The Fourth Geneva Convention forbids attacks on emergency vehicles and the impediment of medical operations during war. The main hospital in Amiriyat al-Fallujah was raided twice by US soldiers and the Iraqi National Guard; first on November 29, 2004 at 5:40 am and again the next day. Staff reported; “In the first raid about 150 soldiers and at least 40 members of the Iraqi National Guard stormed the small hospital”. Staff reported; “They divided into groups and were all over the hospital. They broke the gates outside, they broke the doors of the garage, and the raided our supply room where our food and supplies are”. Staff members were then handcuffed and interrogated for several hours about resistance fighters. One staff member recounts; “The Americans threatened that they would do what they did in Fallujah if I didn’t cooperate with them”.

Medical care for civilians was blocked by snipers that are set up along the roads to Fallujah that fire on ambulances. Doctors from the main hospital in Amiriyat al-Fallujah are reporting; “The Americans have snipers all along the road between here and Fallujah. They are shooting our ambulances if they try to go to Fallujah”. In addition, medical supplies are being blocked from being sent to hospitals by US troops. In nearby Saqlawiyah, Doctor Abdulla Aziz reported that supplies were being blocked from reaching or leaving Amiriyat al-Fallujah; “They won’t let any of our ambulances go to help Fallujah. We are out of supplies and they won’t let anyone bring us more”.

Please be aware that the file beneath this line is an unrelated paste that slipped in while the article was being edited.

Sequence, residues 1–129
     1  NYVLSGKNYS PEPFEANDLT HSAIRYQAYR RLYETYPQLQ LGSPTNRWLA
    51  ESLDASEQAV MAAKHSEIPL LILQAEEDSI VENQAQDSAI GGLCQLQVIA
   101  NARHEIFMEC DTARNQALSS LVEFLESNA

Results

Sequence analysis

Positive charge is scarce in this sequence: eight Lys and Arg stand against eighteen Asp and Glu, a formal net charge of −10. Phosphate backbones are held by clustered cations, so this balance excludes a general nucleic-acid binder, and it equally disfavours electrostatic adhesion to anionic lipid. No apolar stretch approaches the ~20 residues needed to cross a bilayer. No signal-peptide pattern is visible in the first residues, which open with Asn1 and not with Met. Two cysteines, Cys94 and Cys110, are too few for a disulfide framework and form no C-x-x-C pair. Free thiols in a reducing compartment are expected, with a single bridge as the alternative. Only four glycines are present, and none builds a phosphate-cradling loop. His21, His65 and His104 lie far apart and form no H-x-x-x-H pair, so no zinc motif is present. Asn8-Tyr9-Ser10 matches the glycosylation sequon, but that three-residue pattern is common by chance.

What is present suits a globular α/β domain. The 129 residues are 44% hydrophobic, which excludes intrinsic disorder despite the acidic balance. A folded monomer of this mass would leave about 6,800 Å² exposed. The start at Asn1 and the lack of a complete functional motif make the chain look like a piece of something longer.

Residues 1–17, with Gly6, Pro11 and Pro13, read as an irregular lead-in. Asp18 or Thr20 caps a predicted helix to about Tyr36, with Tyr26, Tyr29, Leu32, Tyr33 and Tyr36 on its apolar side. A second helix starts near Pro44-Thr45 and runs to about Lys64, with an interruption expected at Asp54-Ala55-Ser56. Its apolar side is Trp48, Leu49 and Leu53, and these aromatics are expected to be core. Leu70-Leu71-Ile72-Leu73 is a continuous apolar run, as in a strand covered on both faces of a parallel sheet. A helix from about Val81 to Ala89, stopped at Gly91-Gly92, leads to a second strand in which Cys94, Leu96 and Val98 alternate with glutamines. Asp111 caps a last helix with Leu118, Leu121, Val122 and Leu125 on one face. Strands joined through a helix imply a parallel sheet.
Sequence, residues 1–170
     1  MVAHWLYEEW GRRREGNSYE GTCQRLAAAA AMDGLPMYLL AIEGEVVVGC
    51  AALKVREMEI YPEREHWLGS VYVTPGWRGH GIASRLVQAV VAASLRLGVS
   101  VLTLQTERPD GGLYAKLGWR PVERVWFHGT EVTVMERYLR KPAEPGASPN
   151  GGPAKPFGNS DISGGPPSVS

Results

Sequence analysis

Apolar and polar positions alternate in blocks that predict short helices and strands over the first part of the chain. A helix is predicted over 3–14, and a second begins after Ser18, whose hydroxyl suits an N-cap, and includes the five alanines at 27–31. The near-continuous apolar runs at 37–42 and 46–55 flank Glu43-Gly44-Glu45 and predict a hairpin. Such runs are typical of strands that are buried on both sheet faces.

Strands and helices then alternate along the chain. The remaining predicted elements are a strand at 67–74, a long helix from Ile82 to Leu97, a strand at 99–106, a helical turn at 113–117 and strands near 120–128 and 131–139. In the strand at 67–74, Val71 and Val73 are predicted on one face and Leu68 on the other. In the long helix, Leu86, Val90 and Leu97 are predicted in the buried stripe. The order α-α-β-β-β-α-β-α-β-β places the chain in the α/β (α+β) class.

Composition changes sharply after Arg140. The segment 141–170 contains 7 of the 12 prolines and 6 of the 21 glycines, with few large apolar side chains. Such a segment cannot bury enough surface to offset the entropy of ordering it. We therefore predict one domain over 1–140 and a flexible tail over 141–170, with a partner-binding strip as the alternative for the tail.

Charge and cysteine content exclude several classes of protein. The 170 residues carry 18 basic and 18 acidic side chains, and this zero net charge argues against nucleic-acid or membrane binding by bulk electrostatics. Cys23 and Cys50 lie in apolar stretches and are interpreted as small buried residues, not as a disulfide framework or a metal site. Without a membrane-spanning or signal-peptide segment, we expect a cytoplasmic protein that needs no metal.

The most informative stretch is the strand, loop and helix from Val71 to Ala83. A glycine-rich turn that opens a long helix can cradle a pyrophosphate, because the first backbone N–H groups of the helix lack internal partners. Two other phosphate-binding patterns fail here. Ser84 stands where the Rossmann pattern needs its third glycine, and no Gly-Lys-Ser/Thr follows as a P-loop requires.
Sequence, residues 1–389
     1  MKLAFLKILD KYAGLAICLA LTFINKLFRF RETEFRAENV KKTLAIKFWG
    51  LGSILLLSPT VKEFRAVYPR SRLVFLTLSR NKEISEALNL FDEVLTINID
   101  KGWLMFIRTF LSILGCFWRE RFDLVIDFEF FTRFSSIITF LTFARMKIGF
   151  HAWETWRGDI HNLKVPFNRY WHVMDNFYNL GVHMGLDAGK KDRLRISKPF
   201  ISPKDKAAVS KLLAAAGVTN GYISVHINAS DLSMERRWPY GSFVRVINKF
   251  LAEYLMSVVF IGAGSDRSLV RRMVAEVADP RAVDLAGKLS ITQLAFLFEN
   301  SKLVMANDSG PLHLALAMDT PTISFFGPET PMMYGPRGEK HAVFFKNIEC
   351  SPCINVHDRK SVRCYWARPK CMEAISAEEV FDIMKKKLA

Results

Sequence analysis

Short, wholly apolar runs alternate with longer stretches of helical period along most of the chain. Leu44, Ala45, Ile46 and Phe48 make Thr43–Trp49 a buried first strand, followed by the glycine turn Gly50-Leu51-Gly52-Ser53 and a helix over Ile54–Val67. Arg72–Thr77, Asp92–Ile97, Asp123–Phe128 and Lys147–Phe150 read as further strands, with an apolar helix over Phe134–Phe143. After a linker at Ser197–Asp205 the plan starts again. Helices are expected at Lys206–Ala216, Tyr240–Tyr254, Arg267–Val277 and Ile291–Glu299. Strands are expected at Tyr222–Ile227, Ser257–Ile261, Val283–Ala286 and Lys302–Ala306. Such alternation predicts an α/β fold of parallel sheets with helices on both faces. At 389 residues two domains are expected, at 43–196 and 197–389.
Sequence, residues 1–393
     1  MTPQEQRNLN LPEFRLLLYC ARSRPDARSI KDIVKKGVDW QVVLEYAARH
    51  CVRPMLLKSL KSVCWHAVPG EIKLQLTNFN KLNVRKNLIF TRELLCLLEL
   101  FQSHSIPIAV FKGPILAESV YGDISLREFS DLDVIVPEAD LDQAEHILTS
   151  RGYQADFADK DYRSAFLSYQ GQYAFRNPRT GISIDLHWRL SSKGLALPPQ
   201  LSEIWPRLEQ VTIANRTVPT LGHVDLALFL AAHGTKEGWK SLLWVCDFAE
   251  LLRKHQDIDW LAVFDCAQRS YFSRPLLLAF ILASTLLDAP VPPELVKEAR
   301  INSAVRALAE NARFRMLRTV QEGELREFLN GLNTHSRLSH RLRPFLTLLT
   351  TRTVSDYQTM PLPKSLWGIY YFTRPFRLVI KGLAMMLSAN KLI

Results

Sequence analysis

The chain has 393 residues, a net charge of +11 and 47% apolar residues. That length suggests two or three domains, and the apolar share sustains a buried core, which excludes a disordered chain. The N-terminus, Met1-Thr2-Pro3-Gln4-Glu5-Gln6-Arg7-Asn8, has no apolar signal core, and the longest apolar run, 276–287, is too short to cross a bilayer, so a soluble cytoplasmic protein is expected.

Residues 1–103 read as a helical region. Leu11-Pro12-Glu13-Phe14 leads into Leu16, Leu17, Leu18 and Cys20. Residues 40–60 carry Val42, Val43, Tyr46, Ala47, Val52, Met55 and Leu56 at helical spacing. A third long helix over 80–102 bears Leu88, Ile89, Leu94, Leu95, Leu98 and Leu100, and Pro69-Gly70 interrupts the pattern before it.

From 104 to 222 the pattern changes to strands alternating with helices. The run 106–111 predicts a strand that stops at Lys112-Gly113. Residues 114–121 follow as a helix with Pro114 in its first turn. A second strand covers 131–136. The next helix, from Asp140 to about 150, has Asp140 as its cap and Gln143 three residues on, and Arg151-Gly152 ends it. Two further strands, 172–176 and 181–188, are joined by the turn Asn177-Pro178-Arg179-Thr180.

Obstruction of medical care to the civilian population of Iraq seems to be a pattern that has persisted. Dr. Abdul Jabbar, orthopedic surgeon at Fallujah General Hospital claims that; “The marines have said they didn’t close the hospital, but essentially they did. They closed the bridge, which connects us to the city, and closed our roads. They prevented medical care reaching countless patients in desperate need. Who knows how many of them died that we could have saved?”.

In addition to blocking supplies and aid to victims, hospital staff has been handcuffed and interrogated and patient care has been violently disrupted. “We were tied up and beaten despite being unarmed and having only our medical instruments,” reported Dr Asma Khamis al-Muhannadi present during the raid on Fallujah General Hospital. She reported abuse to civilian patients as well; “troops dragged patients from their beds and pushed them against the wall…I was with a woman in labor, the umbilical cord had not yet been cut,” she said. “At that time, a U.S. soldier shouted at one of the [Iraqi] National Guards to arrest me and tie my hands while I was helping the mother to deliver”.